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Title: A hybrid computational strategy to address WGS variant analysis in >5000 samples

Abstract

The decreasing costs of sequencing are driving the need for cost effective and real time variant calling of whole genome sequencing data. The scale of these projects are far beyond the capacity of typical computing resources available with most research labs. Other infrastructures like the cloud AWS environment and supercomputers also have limitations due to which large scale joint variant calling becomes infeasible, and infrastructure specific variant calling strategies either fail to scale up to large datasets or abandon joint calling strategies. We present a high throughput framework including multiple variant callers for single nucleotide variant (SNV) calling, which leverages hybrid computing infrastructure consisting of cloud AWS, supercomputers and local high performance computing infrastructures. We present a novel binning approach for large scale joint variant calling and imputation which can scale up to over 10,000 samples while producing SNV callsets with high sensitivity and specificity. As a proof of principle, we present results of analysis on Cohorts for Heart And Aging Research in Genomic Epidemiology (CHARGE) WGS freeze 3 dataset in which joint calling, imputation and phasing of over 5300 whole genome samples was produced in under 6 weeks using four state-of-the-art callers. The callers used were SNPTools, GATK-HaplotypeCaller, GATK-UnifiedGenotypermore » and GotCloud. We used Amazon AWS, a 4000-core in-house cluster at Baylor College of Medicine, IBM power PC Blue BioU at Rice and Rhea at Oak Ridge National Laboratory (ORNL) for the computation. AWS was used for joint calling of 180 TB of BAM files, and ORNL and Rice supercomputers were used for the imputation and phasing step. All other steps were carried out on the local compute cluster. The entire operation used 5.2 million core hours and only transferred a total of 6 TB of data across the platforms. Even with increasing sizes of whole genome datasets, ensemble joint calling of SNVs for low coverage data can be accomplished in a scalable, cost effective and fast manner by using heterogeneous computing platforms without compromising on the quality of variants.« less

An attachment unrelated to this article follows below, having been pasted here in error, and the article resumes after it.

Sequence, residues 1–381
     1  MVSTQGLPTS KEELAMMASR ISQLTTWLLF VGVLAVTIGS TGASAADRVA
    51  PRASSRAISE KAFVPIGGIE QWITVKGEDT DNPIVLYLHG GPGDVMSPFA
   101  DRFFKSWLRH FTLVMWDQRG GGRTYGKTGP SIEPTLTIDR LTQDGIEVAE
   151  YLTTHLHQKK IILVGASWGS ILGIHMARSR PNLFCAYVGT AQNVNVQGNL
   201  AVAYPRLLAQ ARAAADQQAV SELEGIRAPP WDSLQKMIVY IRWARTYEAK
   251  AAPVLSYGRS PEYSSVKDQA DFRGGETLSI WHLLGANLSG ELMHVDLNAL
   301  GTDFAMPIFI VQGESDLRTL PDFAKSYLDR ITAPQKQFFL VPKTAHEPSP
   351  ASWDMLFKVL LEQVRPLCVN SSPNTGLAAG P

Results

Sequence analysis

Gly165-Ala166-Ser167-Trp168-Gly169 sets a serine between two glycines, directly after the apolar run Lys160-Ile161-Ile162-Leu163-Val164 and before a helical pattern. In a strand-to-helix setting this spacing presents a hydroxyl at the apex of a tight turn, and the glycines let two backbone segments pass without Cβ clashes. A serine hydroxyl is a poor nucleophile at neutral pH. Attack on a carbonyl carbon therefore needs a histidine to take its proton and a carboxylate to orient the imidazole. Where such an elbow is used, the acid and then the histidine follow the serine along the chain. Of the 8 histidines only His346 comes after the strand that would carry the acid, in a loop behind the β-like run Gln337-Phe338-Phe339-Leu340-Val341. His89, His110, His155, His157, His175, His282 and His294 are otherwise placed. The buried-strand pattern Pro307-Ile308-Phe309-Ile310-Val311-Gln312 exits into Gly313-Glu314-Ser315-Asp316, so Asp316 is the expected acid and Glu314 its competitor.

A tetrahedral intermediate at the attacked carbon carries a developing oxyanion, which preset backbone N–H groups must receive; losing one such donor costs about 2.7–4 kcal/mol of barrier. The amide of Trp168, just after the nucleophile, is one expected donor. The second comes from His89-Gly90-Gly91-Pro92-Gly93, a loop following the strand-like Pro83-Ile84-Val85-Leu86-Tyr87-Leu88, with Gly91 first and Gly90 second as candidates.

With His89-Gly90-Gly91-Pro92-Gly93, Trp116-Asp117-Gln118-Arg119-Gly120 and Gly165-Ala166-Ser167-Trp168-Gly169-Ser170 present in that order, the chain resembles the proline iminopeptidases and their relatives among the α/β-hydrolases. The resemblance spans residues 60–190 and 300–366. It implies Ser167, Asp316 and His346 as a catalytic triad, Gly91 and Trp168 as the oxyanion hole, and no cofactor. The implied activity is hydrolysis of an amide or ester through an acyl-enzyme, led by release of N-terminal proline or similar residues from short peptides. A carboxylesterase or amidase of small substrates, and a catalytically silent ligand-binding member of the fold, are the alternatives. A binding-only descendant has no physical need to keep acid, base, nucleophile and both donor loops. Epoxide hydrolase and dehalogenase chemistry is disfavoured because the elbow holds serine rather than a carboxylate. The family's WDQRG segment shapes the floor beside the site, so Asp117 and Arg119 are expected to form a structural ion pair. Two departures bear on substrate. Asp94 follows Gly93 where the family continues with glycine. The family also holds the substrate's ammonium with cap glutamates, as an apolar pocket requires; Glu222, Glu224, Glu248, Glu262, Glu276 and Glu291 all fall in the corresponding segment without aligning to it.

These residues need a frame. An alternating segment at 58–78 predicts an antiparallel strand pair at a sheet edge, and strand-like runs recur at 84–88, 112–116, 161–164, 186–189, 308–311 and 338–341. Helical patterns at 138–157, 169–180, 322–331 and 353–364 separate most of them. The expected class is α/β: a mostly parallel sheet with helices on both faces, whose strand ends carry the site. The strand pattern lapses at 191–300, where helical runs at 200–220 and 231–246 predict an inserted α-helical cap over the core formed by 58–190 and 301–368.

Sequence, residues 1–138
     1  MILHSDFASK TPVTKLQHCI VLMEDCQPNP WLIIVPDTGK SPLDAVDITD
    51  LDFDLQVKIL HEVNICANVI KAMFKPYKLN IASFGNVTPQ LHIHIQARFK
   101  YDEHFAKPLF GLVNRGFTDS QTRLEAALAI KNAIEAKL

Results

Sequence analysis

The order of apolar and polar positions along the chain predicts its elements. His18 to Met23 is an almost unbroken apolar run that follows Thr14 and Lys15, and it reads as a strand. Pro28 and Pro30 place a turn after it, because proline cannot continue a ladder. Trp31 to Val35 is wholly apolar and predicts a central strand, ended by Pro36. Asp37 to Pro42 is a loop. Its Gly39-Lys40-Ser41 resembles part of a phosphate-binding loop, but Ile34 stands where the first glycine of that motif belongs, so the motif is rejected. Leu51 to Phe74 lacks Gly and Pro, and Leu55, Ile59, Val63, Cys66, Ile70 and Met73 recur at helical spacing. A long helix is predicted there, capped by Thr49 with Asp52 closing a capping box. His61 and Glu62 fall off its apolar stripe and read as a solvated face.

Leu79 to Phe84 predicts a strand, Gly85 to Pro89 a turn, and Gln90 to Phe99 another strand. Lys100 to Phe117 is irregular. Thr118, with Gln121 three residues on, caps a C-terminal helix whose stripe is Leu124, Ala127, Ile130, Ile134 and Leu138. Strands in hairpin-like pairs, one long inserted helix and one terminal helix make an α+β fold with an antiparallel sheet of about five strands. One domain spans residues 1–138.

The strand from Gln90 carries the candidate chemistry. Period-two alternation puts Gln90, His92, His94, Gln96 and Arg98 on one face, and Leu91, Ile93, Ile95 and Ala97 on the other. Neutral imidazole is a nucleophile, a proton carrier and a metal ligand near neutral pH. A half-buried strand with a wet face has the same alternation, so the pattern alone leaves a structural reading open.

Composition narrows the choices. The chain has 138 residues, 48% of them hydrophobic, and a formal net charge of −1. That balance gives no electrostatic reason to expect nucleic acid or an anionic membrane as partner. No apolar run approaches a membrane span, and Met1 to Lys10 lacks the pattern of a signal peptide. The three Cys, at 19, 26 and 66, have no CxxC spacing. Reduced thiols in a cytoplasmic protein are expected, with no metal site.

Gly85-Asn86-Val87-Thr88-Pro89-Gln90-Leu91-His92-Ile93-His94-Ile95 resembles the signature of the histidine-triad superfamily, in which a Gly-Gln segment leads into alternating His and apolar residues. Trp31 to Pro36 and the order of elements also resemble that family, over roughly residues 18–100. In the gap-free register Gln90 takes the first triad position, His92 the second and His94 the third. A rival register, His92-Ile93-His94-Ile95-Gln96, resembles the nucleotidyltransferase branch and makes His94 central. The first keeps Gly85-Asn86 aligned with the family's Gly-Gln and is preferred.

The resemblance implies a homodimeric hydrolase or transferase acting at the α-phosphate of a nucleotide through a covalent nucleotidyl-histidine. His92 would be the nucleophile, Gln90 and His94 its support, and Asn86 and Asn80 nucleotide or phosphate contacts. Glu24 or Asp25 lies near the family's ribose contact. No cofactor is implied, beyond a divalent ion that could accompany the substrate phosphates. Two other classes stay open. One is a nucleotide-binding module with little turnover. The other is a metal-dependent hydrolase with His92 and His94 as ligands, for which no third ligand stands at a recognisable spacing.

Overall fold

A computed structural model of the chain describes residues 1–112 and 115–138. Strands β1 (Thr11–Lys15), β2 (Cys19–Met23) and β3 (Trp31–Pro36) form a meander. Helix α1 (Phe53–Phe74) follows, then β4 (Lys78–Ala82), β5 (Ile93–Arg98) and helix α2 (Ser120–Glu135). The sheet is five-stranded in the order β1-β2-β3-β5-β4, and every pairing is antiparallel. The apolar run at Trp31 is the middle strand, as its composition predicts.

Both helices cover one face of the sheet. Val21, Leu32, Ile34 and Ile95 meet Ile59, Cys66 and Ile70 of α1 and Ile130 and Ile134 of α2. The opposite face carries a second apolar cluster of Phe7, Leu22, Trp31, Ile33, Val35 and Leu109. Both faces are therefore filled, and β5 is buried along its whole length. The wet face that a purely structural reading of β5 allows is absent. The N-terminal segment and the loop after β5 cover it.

Authors:
ORCiD logo [1];  [1];  [1];  [2];  [1];  [3];  [4];  [1]
  1. Baylor College of Medicine, Houston, TX (United States). Human Genome Sequencing Center
  2. DNAnexus, Mountain View, CA (United States)
  3. Baylor College of Medicine, Houston, TX (United States). Human Genome Sequencing Center; Univ. of Texas Health Science Center, Houston, TX (United States). Human Genetics Center
  4. Oak Ridge National Lab. (ORNL), Oak Ridge, TN (United States)
Publication Date:
Research Org.:
Oak Ridge National Lab. (ORNL), Oak Ridge, TN (United States). Oak Ridge Leadership Computing Facility (OLCF)
Sponsoring Org.:
USDOE Office of Science (SC)
OSTI Identifier:
1565524
Grant/Contract Number:  
AC05-00OR22725
Resource Type:
Accepted Manuscript
Journal Name:
BMC Bioinformatics
Additional Journal Information:
Journal Volume: 17; Journal Issue: 1; Journal ID: ISSN 1471-2105
Publisher:
BioMed Central
Country of Publication:
United States
Language:
English
Subject:
59 BASIC BIOLOGICAL SCIENCES; biochemistry & molecular biology; biotechnology & applied microbiology; mathematical & computational biology; WGS; SNV; variant calling; joint calling; supercomputer; cloud AWS; scalable; big data; ensemble calling

Citation Formats

Huang, Zhuoyi, Rustagi, Navin, Veeraraghavan, Narayanan, Carroll, Andrew, Gibbs, Richard, Boerwinkle, Eric, Venkata, Manjunath Gorentla, and Yu, Fuli. A hybrid computational strategy to address WGS variant analysis in >5000 samples. United States: N. p., 2016. Web. doi:10.1186/s12859-016-1211-6.
Huang, Zhuoyi, Rustagi, Navin, Veeraraghavan, Narayanan, Carroll, Andrew, Gibbs, Richard, Boerwinkle, Eric, Venkata, Manjunath Gorentla, & Yu, Fuli. A hybrid computational strategy to address WGS variant analysis in >5000 samples. United States. doi:10.1186/s12859-016-1211-6.
Huang, Zhuoyi, Rustagi, Navin, Veeraraghavan, Narayanan, Carroll, Andrew, Gibbs, Richard, Boerwinkle, Eric, Venkata, Manjunath Gorentla, and Yu, Fuli. Sat . "A hybrid computational strategy to address WGS variant analysis in >5000 samples". United States. doi:10.1186/s12859-016-1211-6. https://www.osti.gov/servlets/purl/1565524.
@article{osti_1565524,
title = {A hybrid computational strategy to address WGS variant analysis in >5000 samples},
author = {Huang, Zhuoyi and Rustagi, Navin and Veeraraghavan, Narayanan and Carroll, Andrew and Gibbs, Richard and Boerwinkle, Eric and Venkata, Manjunath Gorentla and Yu, Fuli},